Tag Archives: Inclusion

Rawlsian altruism with perfect discrimination leads to social efficiency

Recent studies draw attention on the highly specialized capacity of human beings in recognizing altruists versus cheaters in social interactions. These results hint at the existence of specialized abilities that support discriminating behavior in strategic interactions. In this paper, we explore the implications of discriminating behavior in the study of the indirect evolutionary selection of selfish versus altruistic motivations in the context of generic 2×2 base games, and in particular for coordination and cooperation scenarios. Continue reading Rawlsian altruism with perfect discrimination leads to social efficiency

Location matters for pro-environmental behavior: a spatial Markov Chains approach to proximity effects in differentiated waste collection

We analyze data on differentiated waste collection (as a proxy of proenvironmental behaviors) in Italian provinces in the years 1999–2012.
Continue reading Location matters for pro-environmental behavior: a spatial Markov Chains approach to proximity effects in differentiated waste collection

Multidimensional Similarities at a Global Scale: An Approach to Mapping Open Society Orientations

This paper analyzes the global geography of open society orientations in the sense of Karl Popper’s notion of open society, by means of a database consisting of five common, public and widely used indicators such as UNDP’s Human Development Index, the World Economic Forum’s Global Competitiveness Index, the Heritage Foundation’s Economic Freedom Index, Reporters Sans Frontieres’ Press Freedom Index, and Transparency International’s Corruption Perception Index. Continue reading Multidimensional Similarities at a Global Scale: An Approach to Mapping Open Society Orientations

Self-protection, Psychological Externalities, and the Social Dynamics of Fear

We examine the social dynamics of crime by means of evolutionary game theory, and we model the choice of boundedly rational potential victims to privately self-protect against prospective offenders. Negative externalities from self-protection, as the socially transmitted fear of victimization, can influence the strategic choices of victims even with constant or declining crime rates, and this circumstance may lead to Pareto inefficient equilibria with excessive expenses for private protection. Providing higher levels of public security (or of appropriate social care) financed through discriminatory taxation of private defensive behaviors can prevent crime andreduce superfluous selfprotection, thus driving the social dynamics toward a more efficient equilibrium. Continue reading Self-protection, Psychological Externalities, and the Social Dynamics of Fear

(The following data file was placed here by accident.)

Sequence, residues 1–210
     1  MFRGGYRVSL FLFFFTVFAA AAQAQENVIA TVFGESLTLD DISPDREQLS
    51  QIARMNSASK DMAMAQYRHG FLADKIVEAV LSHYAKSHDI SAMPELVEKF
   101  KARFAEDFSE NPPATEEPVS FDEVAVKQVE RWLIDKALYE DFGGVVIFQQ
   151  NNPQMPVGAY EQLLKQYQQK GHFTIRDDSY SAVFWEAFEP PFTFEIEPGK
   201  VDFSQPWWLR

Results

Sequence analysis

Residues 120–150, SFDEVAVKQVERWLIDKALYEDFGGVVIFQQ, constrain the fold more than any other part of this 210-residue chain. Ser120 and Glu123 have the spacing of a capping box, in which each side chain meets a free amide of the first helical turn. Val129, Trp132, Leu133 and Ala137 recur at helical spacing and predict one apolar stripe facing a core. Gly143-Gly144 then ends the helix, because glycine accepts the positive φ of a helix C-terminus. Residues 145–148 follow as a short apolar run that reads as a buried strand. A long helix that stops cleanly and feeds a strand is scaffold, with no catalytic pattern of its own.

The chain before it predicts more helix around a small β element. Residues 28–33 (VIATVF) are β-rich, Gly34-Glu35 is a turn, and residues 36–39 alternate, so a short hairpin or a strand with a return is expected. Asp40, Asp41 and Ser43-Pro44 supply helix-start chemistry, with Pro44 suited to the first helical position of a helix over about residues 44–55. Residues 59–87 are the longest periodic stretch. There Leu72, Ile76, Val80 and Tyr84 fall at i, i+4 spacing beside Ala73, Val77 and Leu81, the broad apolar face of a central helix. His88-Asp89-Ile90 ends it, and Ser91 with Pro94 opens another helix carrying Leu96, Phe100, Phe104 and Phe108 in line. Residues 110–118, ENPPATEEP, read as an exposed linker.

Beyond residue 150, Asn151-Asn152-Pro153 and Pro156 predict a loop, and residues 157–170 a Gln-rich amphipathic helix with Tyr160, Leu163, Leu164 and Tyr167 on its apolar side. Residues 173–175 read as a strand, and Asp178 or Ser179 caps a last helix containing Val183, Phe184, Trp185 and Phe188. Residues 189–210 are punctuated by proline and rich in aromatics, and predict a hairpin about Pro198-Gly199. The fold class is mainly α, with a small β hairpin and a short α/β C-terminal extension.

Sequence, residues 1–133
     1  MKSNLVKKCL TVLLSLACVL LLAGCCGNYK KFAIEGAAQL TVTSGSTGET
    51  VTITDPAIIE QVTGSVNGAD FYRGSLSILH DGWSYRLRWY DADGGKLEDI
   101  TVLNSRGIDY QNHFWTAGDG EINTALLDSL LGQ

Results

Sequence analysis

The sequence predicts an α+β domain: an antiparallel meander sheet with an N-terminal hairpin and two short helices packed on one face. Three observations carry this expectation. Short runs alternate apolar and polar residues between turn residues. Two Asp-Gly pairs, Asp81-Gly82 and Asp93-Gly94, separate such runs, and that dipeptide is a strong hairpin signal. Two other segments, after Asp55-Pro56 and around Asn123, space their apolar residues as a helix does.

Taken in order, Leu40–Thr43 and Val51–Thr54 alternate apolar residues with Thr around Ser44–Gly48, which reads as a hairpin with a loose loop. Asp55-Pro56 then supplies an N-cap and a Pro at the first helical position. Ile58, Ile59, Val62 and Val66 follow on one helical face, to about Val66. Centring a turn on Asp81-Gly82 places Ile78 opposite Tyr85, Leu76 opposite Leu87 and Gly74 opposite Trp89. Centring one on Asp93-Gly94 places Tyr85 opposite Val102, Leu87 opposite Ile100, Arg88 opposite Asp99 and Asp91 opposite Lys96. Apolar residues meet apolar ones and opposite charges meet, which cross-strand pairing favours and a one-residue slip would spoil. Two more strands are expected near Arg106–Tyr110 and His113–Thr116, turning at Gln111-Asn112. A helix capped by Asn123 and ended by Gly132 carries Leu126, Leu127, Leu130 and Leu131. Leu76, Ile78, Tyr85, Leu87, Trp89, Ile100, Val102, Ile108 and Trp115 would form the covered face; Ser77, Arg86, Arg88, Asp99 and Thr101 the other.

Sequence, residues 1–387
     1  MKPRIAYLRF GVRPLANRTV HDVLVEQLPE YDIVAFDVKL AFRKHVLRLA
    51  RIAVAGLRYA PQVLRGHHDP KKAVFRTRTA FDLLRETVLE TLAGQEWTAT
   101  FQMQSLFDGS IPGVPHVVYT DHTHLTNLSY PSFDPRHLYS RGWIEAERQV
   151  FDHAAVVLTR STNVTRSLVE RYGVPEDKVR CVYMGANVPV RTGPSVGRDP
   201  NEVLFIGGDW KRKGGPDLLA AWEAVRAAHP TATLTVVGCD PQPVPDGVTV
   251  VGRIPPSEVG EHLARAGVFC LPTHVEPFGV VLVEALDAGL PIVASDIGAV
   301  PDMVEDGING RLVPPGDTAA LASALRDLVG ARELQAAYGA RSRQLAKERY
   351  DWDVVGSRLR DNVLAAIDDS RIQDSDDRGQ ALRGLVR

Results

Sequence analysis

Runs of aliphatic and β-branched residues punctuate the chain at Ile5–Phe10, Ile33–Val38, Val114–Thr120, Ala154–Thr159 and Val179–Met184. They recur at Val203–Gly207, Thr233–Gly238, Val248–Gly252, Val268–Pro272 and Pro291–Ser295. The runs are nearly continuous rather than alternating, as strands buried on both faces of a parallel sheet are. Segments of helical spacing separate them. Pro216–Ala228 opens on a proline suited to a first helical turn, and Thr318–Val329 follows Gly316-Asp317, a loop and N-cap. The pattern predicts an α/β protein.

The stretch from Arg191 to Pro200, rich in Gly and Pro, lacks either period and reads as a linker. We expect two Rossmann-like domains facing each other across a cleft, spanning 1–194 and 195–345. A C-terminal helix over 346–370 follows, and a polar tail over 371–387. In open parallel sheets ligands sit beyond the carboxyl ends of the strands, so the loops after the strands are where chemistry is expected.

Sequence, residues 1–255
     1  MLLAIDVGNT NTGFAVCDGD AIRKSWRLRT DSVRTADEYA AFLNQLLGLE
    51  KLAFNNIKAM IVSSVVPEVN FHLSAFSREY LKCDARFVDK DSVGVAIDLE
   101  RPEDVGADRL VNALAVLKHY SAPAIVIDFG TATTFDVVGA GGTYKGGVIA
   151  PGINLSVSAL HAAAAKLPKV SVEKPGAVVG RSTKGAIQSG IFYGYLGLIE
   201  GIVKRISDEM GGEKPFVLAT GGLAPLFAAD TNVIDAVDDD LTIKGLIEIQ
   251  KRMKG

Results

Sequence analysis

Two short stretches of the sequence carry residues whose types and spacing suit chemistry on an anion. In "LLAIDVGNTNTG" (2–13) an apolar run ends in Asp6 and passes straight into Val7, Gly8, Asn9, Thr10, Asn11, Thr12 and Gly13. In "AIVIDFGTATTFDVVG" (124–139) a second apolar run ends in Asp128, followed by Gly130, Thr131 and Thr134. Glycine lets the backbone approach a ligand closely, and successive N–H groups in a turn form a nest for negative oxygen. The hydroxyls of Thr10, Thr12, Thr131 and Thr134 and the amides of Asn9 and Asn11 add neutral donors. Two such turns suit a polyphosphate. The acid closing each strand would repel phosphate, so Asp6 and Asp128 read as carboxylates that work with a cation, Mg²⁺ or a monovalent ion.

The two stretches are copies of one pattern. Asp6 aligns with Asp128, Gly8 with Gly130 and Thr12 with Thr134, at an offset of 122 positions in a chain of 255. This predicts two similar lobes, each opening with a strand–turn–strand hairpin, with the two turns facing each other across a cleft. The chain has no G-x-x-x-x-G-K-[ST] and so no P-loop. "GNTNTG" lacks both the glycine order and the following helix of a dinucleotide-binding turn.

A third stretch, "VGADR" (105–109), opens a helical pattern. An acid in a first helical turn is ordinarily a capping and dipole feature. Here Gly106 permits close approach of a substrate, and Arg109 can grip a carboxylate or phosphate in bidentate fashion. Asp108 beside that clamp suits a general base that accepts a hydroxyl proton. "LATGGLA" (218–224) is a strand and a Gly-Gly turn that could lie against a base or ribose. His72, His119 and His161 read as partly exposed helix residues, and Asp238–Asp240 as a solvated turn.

Analyzing the semantics of point spaces through the topological weighted centroid and other mathematical quantities: the hidden geometry of the global economic order

For many spatial processes, there is a natural need to find out the point of origin on the basis of the available scatter of observations; think, for instance, of finding out the home base of a criminal given the actual distribution of crime scenes, or the outbreak source of an epidemics. In this article, we build on the topological weighted centroid (TWC) methodology that has been applied in previous research to the reconstruction of space syntax problems, for example, of problems where all relevant entities are of spatial nature so that the relationships between them are inherently spatial and need to be properly reconstructed. Continue reading Analyzing the semantics of point spaces through the topological weighted centroid and other mathematical quantities: the hidden geometry of the global economic order

Cultural Participation, Relational Goods and Individual Subjective Well-Being: Some Empirical Evidence

This paper focuses on the role of cultural participation as a source of individual subjective well-being in terms of the sociability orientation of different cultural activities. Continue reading Cultural Participation, Relational Goods and Individual Subjective Well-Being: Some Empirical Evidence

The Power of the Arts in Vancouver: Creating a Great City

An Approach to Cultural Policy in Vancouver
I. Introduction: building competitive advantage for the nascent Vancouver knowledge economy
(…) In a knowledge economy, the reasoning abilities of teenagers may be seen as a key component of the economy’s and society’s “intangible infrastructure”, i.e. as a key factor of competitiveness. Sophisticated cognitive abilities are in fact necessary both on the supply and demand sides: to produce knowledge-intensive goods and
services, and to use and enjoy them in a meaningful, satisfactory way. Measuring how such abilities are being developed by teenagers gives us an interesting view of
the future prospects of specific knowledge economies. Continue reading The Power of the Arts in Vancouver: Creating a Great City